Disney, Universal and Busch Entertainment weren’t eager to discuss the details of their legal defense but that didn’t stop the Orlando Sentinel from developing a searchable database of 477 state and federal cases filed against the three companies over the years 2004-08. Most cases were slip-falls, very few went to trial as opposed to settling, and in general the companies seemed to enjoy a fair bit of success both at satisfying patrons before their discontents reached the stage of lawsuits and at defending against the suits if brought.
It seems the companies are also willing to utilize provisions of Florida law that go further in the direction of “loser-pays” than do the laws of many other states:
Plaintiffs who lose sometimes end up footing the theme parks’ legal bills. The theme-park companies can, and do, go after unsuccessful plaintiffs, seeking reimbursement for their legal expenses. Under Florida law, anyone who sues anyone else over a personal injury faces this possibility. If the defendant offers a settlement but the plaintiff rejects it and then loses the case (or, in some circumstances, even if the plaintiff wins the case), the defendant can demand the plaintiff pay the defendant’s legal bills.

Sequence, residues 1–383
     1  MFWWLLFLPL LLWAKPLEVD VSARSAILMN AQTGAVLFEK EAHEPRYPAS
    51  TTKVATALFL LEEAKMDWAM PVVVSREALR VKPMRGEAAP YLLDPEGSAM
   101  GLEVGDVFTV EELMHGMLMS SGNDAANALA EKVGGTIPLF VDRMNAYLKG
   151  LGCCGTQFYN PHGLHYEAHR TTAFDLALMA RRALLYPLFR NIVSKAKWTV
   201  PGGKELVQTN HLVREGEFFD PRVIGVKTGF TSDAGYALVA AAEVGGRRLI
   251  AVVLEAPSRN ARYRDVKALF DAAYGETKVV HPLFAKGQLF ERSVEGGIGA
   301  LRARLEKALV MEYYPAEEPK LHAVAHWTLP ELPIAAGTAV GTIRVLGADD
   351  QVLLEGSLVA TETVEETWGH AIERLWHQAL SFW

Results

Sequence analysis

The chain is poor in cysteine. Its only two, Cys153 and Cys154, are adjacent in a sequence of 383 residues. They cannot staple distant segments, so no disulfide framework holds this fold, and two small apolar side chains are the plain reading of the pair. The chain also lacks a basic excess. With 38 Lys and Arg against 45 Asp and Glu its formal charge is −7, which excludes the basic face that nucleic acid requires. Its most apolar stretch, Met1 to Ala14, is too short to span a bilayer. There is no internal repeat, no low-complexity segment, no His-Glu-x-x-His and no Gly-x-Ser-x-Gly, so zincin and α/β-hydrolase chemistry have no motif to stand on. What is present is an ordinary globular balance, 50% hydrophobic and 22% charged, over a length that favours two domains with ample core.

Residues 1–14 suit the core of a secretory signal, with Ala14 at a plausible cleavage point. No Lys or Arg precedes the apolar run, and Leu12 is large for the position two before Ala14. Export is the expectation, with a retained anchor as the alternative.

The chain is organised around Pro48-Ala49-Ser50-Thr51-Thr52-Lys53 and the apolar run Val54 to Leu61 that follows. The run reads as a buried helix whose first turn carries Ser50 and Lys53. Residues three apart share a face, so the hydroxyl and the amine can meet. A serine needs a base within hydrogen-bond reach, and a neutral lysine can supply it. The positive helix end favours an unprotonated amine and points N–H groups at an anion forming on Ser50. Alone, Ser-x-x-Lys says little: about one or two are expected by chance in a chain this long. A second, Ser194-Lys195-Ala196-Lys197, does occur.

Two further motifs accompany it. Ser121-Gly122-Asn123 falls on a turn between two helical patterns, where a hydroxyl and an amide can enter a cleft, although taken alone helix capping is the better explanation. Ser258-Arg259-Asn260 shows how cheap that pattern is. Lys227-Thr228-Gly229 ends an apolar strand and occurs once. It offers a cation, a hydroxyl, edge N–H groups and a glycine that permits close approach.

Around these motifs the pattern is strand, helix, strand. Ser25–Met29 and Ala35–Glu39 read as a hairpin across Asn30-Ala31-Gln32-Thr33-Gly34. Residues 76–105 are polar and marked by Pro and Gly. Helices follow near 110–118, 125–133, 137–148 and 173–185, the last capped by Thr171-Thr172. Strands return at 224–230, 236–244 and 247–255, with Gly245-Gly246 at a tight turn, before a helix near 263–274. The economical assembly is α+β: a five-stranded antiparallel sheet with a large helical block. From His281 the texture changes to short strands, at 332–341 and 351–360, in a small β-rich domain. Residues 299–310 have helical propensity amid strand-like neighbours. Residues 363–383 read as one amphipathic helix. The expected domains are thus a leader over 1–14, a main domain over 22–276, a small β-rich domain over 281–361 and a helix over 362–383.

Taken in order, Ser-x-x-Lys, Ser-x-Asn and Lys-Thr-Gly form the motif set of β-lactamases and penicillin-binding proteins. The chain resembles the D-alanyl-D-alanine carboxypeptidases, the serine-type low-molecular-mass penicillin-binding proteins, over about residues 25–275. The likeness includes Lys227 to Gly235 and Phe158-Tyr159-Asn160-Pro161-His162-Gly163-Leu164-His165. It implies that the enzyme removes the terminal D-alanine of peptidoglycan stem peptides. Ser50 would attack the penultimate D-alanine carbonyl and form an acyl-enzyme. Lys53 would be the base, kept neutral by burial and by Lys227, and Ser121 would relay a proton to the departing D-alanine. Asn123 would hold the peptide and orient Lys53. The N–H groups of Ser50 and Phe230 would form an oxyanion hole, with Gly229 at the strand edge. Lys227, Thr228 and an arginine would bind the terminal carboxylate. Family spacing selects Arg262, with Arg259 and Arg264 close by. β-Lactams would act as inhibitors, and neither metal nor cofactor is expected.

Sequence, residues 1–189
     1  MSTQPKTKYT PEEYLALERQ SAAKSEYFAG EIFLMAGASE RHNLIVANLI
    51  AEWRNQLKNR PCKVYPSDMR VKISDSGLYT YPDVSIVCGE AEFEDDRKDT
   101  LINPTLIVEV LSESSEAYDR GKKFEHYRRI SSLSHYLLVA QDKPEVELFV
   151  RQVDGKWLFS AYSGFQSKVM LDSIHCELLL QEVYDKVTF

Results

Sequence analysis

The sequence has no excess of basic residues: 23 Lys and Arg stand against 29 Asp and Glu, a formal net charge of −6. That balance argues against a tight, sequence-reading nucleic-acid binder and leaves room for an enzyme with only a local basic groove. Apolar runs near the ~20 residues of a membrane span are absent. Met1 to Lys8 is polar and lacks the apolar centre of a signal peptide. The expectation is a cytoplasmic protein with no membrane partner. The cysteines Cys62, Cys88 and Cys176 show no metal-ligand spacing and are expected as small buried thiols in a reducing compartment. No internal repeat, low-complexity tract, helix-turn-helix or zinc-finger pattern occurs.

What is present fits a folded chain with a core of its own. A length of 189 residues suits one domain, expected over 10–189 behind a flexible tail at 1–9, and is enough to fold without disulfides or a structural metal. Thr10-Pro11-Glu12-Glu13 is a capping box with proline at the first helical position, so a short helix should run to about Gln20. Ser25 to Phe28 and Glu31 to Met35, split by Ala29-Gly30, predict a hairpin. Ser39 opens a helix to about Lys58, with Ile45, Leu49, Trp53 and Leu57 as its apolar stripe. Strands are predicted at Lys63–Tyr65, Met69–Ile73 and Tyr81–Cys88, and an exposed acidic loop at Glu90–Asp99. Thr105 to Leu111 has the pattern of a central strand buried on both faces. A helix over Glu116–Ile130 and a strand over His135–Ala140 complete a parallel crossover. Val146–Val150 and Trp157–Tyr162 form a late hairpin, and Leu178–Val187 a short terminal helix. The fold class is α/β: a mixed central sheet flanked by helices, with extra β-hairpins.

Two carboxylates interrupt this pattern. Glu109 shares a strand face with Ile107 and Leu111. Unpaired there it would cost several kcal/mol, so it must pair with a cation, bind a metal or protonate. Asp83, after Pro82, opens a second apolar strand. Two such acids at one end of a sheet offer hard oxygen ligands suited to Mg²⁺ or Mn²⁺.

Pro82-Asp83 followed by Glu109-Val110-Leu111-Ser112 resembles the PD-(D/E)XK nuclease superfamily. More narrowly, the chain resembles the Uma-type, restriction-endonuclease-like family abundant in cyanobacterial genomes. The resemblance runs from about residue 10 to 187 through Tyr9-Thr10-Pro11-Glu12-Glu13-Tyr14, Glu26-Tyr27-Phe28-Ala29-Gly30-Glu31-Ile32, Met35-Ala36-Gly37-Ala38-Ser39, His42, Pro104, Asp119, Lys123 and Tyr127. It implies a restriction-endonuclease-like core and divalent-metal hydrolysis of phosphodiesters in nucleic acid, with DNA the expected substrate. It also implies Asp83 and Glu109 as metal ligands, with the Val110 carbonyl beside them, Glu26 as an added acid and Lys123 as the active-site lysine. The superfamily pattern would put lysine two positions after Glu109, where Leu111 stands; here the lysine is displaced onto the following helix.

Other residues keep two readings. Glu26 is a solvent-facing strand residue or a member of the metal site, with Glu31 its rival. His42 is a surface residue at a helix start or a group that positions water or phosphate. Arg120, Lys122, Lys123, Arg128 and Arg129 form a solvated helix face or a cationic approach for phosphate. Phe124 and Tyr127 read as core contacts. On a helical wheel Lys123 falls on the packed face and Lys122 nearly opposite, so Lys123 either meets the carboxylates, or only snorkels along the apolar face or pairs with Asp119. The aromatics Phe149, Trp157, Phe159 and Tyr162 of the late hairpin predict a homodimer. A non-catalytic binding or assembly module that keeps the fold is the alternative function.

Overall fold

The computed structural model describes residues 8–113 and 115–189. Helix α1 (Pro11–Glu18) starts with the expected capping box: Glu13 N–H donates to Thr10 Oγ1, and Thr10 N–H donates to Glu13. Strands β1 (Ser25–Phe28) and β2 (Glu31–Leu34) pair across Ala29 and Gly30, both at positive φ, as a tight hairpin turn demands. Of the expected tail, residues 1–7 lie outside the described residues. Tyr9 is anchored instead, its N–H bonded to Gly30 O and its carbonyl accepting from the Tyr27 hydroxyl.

Reports of other successful defendants pressing their rights under such provisions in Florida or elsewhere are not exactly common, leaving the question of whether 1) the theme parks are making more aggressive use of the Florida rules than other defendants, 2) plaintiffs who go to trial against theme parks are atypical in some way, or 3) other defendants use the fee-shift provisions too, but we just don’t hear about it much.